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Re: Question: how should addTrack work in relation to createOffer et. al.?

From: Eric Rescorla <ekr@rtfm.com>
Date: Mon, 11 May 2015 21:50:13 -0700
Message-ID: <CABcZeBNRvqim6i_7dG=he--X=FZPV2OLpLvHzmpfGQg39V7CaQ@mail.gmail.com>
To: Jan-Ivar Bruaroey <jib@mozilla.com>
Cc: Stefan HÃ¥kansson LK <stefan.lk.hakansson@ericsson.com>, Harald Alvestrand <harald@alvestrand.no>, "public-webrtc@w3.org" <public-webrtc@w3.org>
On Fri, May 8, 2015 at 2:23 PM, Jan-Ivar Bruaroey <jib@mozilla.com> wrote:

> On 5/8/15 9:43 AM, Stefan HÃ¥kansson LK wrote:
>
>> Trying to summarize this discussion:
>>
>> It seems that there is agreement:
>>
>> * the offer created by createOffer will only take into account the
>> senders (and their respective settings) that exist at the time when
>> createOffer is called - anything that happens after will not be reflected
>>
>> Is this right?
>>
>
> Not quite I fear. Depends on your definition of "the time when createOffer
> is called".
>
> Lets call this A:
>
> Since createOffer is queued in the operations chain, what I realized in
> this thread, and agree is needed at a minimum, is that, to avoid
> non-determinism, createOffer must take into account the senders that exist
> at the time when it comes off the queue and is executed, rather than any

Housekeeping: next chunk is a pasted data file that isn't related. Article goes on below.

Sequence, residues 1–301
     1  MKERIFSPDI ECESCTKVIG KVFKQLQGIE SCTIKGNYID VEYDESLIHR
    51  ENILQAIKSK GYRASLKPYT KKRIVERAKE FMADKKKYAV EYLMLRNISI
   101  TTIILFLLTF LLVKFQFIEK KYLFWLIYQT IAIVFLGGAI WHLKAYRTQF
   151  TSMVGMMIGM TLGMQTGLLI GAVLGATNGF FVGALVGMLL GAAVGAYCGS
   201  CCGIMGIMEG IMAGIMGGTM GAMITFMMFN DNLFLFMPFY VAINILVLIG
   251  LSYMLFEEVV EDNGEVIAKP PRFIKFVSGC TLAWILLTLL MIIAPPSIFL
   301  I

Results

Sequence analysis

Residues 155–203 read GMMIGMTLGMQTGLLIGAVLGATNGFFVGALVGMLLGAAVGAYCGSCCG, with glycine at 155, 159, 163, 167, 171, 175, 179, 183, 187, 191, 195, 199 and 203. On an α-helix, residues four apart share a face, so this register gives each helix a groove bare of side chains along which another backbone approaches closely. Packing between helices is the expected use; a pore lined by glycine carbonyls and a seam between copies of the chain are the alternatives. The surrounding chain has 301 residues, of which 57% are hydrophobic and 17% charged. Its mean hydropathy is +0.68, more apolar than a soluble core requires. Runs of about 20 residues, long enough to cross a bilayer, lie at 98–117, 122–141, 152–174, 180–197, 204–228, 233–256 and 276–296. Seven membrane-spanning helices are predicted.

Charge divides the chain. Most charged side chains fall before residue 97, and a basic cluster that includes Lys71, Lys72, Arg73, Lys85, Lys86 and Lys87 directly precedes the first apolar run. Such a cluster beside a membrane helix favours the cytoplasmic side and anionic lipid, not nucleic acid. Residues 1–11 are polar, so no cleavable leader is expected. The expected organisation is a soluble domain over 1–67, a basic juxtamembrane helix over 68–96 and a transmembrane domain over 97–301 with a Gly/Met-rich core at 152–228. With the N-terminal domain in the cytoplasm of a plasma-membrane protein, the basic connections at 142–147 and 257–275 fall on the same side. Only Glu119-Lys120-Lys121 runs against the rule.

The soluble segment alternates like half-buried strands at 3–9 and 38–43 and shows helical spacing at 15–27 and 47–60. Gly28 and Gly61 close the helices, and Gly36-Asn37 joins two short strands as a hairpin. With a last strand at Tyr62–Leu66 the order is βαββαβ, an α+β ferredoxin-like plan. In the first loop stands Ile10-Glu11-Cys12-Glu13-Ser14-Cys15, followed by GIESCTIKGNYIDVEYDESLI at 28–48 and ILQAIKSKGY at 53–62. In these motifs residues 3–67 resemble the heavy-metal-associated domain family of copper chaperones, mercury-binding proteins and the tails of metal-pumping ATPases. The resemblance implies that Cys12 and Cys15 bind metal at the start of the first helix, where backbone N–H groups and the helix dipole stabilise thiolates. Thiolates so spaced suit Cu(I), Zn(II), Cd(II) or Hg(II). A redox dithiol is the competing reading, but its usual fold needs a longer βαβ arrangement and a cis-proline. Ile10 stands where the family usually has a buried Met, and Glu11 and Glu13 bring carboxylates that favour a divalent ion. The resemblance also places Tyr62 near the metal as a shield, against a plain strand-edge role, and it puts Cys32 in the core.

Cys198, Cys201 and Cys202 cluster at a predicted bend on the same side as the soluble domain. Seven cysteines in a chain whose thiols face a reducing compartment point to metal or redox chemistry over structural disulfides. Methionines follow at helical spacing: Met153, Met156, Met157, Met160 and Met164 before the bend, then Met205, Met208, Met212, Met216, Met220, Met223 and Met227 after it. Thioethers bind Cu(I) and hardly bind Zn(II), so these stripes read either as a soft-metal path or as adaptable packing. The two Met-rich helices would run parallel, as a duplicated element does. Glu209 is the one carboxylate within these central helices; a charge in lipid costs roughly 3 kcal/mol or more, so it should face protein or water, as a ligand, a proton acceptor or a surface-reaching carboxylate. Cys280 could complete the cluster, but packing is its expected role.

> time later.
>
> This would simply require wording under createOffer, ideally as steps in a
> processing model, which is sorely needed anyways. It would not require
> createOffer-specific changes to the description of the operations chain.
>
> It would not change much else, which means it still requires accepting PR
> 222 to fix the "sometimes y is added, sometimes it is not" surprise.
>
> E.g. for pc.addTrack(X); pc.createOffer(); pc.addTrack(Y) the offer would
> always contain X and Y (regardless of what's on the queue).
>
> I agree with Martin where he says [1]: "One thing that I like about this
> is that it removes the synchronous step. Having a function run
> synchronously or asynchronously depending on something that has happened
> elsewhere is a very good way to ensure that surprises happen. Allowing the
> current execution context to run to completion before executing any
> potentially asynchronous operation is always better than having surprises."
>
> (Martin, sorry for quoting you here, but I thought it was a good point
> that got lost in the older PR [1]).
>
> I could see us doing this. I suspect it is not what you meant.
>
> Lets call this B:
>
> I think what you mean is have createOffer take into account the senders
> that exist at the time when the content JS calls createOffer. The only
> benefit I see to this (and correct me if I'm wrong) would be to try to have
> the offer never contain Y in the common (not queued) case, and ignore the
> non-common (queued) case, since essentially "people, quit doing that!"
>
> It seems to me this would require createOffer-specific changes to the
> description of the operations chain (not to mention the other methods we
> haven't talked about). And you still have the "sometimes y is added,
> sometimes it is not" surprise.
>
> You would therefore not want PR 222 here.
>
> Lets call this C:
>
> Same as B, plus rip out the operations queue, and have methods throw if
> called at the wrong time. This removes the need for the queue and solves
> the "offer never contains Y" problem that way.
>
> I think I like A and C the best.
>

I would not be in favor of A or C. If I understand B correctly, that's the
correct behavior.


-Ekr


> .: Jan-Ivar :.
>
> [1] https://github.com/w3c/webrtc-pc/pull/165
>
>
>
Received on Tuesday, 12 May 2015 04:51:23 UTC

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